Person Activation Measure(PAM) – Metrics to improve your ability to maintain overall wellness

There is growing recognition, across the world, of the urgent need to shift healthcare system from being reactive to becoming proactive, from being focused on curative to driving wellness. Current provider-centric approach is designed with the curative approach and delivers poor customer experience, poor quality and high cost outcomes.

To drive adoption of modern wellness concepts, health services will need to be more effectively integrated around the individual rather than being organised around the provider and delivered in a siloed and fragmented way, unable to meet person’s expectations of quality and result. To trigger change in this way, a new set of metrics is needed to measure success, measures that needs to reach beyond the standard “sickness and repair” metrics and allow us to know how well a person is.

One such metric is the Person Activation Measure(PAM), that measures an individual’s knowledge, skill and confidence for managing his/her overall health and wellbeing. This paper mentions that “PAM has been shown to be a better predictor of health outcomes than known socio-demographic factors such as ethnicity and age. More activated people are more likely to attend screenings, check-ups, and immunizations, to adopt positive behaviours (e.g. diet, substance abuse, and exercise), and have clinical indicators in the normal range (e.g. blood sugar levels (A1c), blood pressure and cholesterol)”

Studies using the PAM have also noted that positive PAM scores are correlated with non-health outcomes. For example, workplace studies highlight a relationship between person activation, job satisfaction and absenteeism. Judith Hibbard notes in her paper “As such, patient activation may be tapping into a concept that goes beyond health”.

Insignia health has classified a person’s PAM levels as below

  1. Disengaged and overwhelmed – Individuals are passive and lack confidence. Knowledge is low, goal orientation is weak, and adherence is poor.
  2. Becoming aware, but still struggling – Individuals have some knowledge, but large gaps remain. They believe health is largely out of their control, but can set simple goals.
  3. Taking action – Individuals have the key facts and are building self-management skills. They strive for the best practice behaviors, and are goal-oriented.
  4. Maintaining behaviour and pushing action – Individuals have adopted new behaviors, but may struggle in times of stress or change. Maintaining a healthy lifestyle is a key focus.

It has been shown in the earlier quoted King’s Fund paper by Judith Hibbard that improvements in PAM allow people to become good managers of their own health. Studies of interventions to improve PAM show that persons with the lowest activation scores tend to increase their scores the most, suggesting that effective interventions can help engage even the most disengaged.

Useful links :

  • Patient activation and PAM FAQs
  • Patient Activation Measure – Wikipedia

Health and Wellness trends around the world and the emergence of Electronic Health Records(EHR)

Pace of development is increasing across the world thanks to greater innovations that affect every facet of human life. This has great impact on the way people live, work and take care of their health.

As the society is moving more and more into an information driven one, physical work is getting replaced with mental work. This, while reducing the physical exercise that is required to keep our body health, is also increasing our mental stress, causing the emergence of a new phenomenon called lifestyle diseases – diabetes, hypertension, depression, mental stress etc.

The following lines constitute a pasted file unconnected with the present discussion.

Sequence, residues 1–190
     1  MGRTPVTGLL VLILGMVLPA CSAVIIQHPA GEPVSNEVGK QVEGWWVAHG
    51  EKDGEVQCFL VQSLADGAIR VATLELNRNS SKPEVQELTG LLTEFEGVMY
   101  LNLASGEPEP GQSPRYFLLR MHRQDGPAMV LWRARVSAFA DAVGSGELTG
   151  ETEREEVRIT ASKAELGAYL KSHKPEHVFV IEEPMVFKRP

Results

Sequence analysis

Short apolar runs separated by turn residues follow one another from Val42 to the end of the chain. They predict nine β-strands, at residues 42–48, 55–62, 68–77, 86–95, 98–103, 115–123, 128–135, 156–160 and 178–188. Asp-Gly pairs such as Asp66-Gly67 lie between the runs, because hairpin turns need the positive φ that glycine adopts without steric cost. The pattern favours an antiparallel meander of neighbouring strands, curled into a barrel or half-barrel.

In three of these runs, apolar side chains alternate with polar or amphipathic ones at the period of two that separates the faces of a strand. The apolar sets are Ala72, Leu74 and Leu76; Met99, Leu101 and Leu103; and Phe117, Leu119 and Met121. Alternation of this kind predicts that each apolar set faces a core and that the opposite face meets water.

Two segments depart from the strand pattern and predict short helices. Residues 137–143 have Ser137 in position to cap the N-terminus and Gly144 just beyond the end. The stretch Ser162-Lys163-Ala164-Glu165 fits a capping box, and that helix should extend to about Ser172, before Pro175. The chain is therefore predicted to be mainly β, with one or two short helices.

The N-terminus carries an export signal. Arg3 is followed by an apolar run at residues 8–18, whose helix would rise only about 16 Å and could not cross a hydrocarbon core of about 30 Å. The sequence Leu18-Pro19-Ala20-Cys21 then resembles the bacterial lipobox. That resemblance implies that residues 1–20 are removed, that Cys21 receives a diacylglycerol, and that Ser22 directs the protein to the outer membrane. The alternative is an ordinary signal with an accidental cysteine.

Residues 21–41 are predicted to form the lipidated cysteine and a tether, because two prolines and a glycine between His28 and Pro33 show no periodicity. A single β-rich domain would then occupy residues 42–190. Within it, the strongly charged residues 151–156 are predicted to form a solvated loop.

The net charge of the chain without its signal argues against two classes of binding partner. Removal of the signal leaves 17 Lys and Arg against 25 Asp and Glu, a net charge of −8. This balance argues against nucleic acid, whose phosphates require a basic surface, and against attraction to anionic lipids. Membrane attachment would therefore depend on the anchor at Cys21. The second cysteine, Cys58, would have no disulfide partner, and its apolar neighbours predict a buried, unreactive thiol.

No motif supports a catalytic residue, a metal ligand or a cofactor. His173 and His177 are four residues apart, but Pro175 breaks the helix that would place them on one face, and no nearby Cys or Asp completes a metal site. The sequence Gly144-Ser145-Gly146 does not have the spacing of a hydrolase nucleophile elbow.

With the emergence of increased instances of lifestyle related conditions, modern healthcare is becoming more about managing these conditions and less about treatment of diseases caused by pathogens and infections. Such health condition management is generally of long duration, often lifelong and requires the collection, management and analysis of the person’s lifelong health information and it’s trends.

Many countries across the world have recognized this need for lifelong clinical information of their citizens and have implemented Electronic Health Records (EHR) policies & guidelines. EHR is defined as “A person’s Lifelong Holistic Health History, intended to be used for improvement of the overall health and wellbeing of the person”.

2016 Report of the third global survey on eHealth by World Health Organization(WHO) reports that “There has been steady growth in the adoption of national EHR systems over the past 15 years – and a 46% global increase in the past five years”. Currently the countries with the highest EHR adoption rates are: Norway (98 percent), Netherlands (98 percent), United Kingdom (97 percent), New Zealand (97 percent), Australia (92 percent), Germany (82 percent), United States (69 percent), France (67 percent), Canada (56 percent) and Switzerland (41 percent). EHR adoption is gathering pace and continues to expand around the world.

Indian government has initiated the process of EHR adoption with the publication of its EHR standard in August 2013 and second revision in December 2016. It has also initiated the formation of National e-Health Authority (NEHA), to manage the EHR policies and guidelines for the country.

EHR policies and guidelines are intended to help agencies working on improving overall health and wellness of people. By being EHR compliant, they can ensure that their work complements the other health related activities of the person and provide them lifelong benefit. Further, by systematically managing and analysing the health data generated during their work, the agency can bring in systematic improvement to their programs and make them more effective. Such information also allows them to demonstrate the effectiveness of their work and improve participation.